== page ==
on f62r, the scribe has both anglicana and secretary 'a's in his repertoire. On some folios he uses both randomly and on others he uses single compartment 'a' only.
single compartment 'a's vary slightly in their formation. This version has a short head-stroke at an angle to join on to the descender to the right of the graph.
in this version there is no angled stroke at the head. The stroke to the right of the graph thickens towards the bottom and ends in a scoop-like turn.
upper case 'A' is double compartment with squarish lower lobe.
a glance at the 'd' samples shows how consistent the scribe was in the formation of his graphs. The lower lobe is invariably angular forming a triangular element with loop above. The loop rarely angles back beyond the extent of the lobe.
'd' in initial position.
'd' in final position. This example is taken from the famous stanza copied into the margin which is being hauled back into line beneath the rest of the stanzas on this folio by a man who may represent the scribe himself.
this word occurs at the beginning of a line so the 'D' may be representative of the upper case letter. There is little difference between upper and lower case except that the loop is exaggerated slightly.
on f62r, both single and double compartment 'g' are represented. Here the anglicana 'g' begins the word.
in the stanza copied into the margin, single compartment 'g' begins this word.
on f85v, only tailed 'g' is represented in all positions. Here in final position there is a tag on the horizontal extension to the upper lobe. The same tag is present on all 'g's on this folio in final position.
upper case 'G' at the beginning of a line. Several of the scribe's upper case letters are finished with double parallel lines.
another graph which is consistently formed. The tail stroke from the limb may be tucked neatly beneath the graph as in version 3, or it may have a slight turn downwards at the end of the tail.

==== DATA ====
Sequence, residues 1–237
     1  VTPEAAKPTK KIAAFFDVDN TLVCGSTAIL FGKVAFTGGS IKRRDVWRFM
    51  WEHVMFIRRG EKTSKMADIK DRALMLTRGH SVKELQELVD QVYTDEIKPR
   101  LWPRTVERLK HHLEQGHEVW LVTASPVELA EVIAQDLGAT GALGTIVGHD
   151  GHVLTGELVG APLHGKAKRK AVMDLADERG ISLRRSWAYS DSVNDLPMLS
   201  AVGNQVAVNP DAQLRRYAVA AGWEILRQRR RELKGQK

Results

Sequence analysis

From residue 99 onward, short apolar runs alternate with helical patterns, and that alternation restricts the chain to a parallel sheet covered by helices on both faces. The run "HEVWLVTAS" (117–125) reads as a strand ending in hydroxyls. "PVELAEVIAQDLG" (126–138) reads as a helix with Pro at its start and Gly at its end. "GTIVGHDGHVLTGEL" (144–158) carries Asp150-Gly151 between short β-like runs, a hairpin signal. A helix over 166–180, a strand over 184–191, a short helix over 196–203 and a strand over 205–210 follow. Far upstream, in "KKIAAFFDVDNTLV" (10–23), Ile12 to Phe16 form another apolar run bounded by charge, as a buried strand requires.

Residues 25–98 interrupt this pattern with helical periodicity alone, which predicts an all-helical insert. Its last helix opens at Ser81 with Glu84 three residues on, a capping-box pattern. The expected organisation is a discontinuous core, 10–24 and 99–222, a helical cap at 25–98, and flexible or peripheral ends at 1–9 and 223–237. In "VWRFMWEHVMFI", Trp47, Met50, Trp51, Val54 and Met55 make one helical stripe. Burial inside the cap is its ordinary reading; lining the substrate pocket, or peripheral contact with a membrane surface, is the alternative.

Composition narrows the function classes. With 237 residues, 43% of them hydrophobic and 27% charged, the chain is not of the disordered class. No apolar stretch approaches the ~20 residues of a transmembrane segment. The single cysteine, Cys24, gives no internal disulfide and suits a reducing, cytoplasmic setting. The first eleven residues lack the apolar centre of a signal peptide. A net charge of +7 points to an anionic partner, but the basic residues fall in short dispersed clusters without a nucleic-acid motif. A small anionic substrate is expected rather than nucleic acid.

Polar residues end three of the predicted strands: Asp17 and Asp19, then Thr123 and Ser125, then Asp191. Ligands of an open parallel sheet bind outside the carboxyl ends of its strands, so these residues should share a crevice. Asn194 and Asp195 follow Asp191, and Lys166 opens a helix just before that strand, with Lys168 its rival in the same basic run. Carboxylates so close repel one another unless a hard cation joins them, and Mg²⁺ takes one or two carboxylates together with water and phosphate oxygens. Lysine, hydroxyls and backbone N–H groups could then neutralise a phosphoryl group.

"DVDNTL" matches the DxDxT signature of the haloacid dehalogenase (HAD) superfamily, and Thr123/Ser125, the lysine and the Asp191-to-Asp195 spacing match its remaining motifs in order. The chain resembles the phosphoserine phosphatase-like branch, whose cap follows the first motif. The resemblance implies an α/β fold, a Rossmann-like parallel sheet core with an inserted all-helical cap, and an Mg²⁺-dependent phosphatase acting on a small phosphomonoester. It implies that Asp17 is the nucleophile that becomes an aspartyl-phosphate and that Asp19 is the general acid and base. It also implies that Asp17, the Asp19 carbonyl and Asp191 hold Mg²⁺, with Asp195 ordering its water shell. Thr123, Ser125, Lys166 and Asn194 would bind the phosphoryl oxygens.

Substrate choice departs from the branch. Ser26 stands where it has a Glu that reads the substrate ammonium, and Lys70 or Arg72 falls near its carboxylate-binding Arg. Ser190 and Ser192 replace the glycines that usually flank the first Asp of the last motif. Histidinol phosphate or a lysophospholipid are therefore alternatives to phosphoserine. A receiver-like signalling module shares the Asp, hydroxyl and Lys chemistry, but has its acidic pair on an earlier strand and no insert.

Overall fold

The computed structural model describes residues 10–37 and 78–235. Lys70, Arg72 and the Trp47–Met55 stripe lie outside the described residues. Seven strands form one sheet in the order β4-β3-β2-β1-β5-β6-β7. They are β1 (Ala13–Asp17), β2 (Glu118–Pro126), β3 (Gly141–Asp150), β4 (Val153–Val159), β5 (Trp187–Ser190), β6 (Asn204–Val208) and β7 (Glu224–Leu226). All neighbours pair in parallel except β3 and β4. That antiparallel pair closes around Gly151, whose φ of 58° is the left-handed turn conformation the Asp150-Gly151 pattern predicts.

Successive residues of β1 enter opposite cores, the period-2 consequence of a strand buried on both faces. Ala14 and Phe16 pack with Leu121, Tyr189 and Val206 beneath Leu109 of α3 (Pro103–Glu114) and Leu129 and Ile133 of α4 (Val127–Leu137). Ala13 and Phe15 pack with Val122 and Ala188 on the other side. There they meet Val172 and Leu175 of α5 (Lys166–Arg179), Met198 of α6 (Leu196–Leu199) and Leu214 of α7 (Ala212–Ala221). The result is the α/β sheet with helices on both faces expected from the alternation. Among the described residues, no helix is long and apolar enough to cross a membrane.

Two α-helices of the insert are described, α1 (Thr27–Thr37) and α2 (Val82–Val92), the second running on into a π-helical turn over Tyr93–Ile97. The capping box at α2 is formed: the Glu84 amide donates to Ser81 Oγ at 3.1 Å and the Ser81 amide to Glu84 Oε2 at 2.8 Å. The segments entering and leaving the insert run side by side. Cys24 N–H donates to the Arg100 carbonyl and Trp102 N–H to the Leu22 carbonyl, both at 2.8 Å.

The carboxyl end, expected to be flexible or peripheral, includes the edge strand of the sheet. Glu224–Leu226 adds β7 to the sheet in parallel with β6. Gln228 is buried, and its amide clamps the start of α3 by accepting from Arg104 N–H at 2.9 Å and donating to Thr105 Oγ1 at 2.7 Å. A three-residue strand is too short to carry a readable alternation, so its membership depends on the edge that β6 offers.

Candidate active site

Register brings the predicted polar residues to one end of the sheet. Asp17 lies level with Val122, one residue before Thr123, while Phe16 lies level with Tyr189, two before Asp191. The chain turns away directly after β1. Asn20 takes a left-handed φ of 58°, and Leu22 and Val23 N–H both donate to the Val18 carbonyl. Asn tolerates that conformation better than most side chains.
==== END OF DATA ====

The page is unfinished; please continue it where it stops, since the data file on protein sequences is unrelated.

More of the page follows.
'h' is not always crossed after 't'. The angled foot at the bottom of the stem is present in all examples.
the 'ght' combination where 'h' is not crossed in any of the examples on the folios sampled.
upper case 'H' usually has a circle attached midway down the stem of the graph.
modern 'r' is used in all situations.
'z'-shaped 'r' is used after 'o' and several consonants. There is usually an otiose stroke descending in a curve from the lower left of the graph.
upper case 'R' at the beginning of a line.
sigma 's' is used both initially and in final position.
8-shaped 's' is also used in both initial and final positions. The scribe alternates the graphs for no particular reason.
long 's' is also used in initial position and always in medial position.
upper case 'S' at the beginning of a stanza.
the scribe uses this more elaborate 'w' most of the time. The pronounced feet distinguish it from the example in version 3. This 'w' has a single lobe as the final element. Both left and middle limbs join to become a single arched stroke over the top of the graph.
in this example the left and middle arms are separate and the 'B'-shaped element at the right of the graph has two lobes.
an example with a much straighter left arm.
upper case graph at the beginning of a stanza.
'y' generally has a straight left arm and the fork of the graph comes just below the level of the lower level of the other letters.
occasionally 'y' is dotted.
the tail of 'y' is shorter or longer to no pattern.
|Thorn and Yogh|
thorn is used occasionally. The lobe of the graph extends almost to the end of the stalk.
this is the single example of yogh on the sample folios.
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|Upper Case Letters|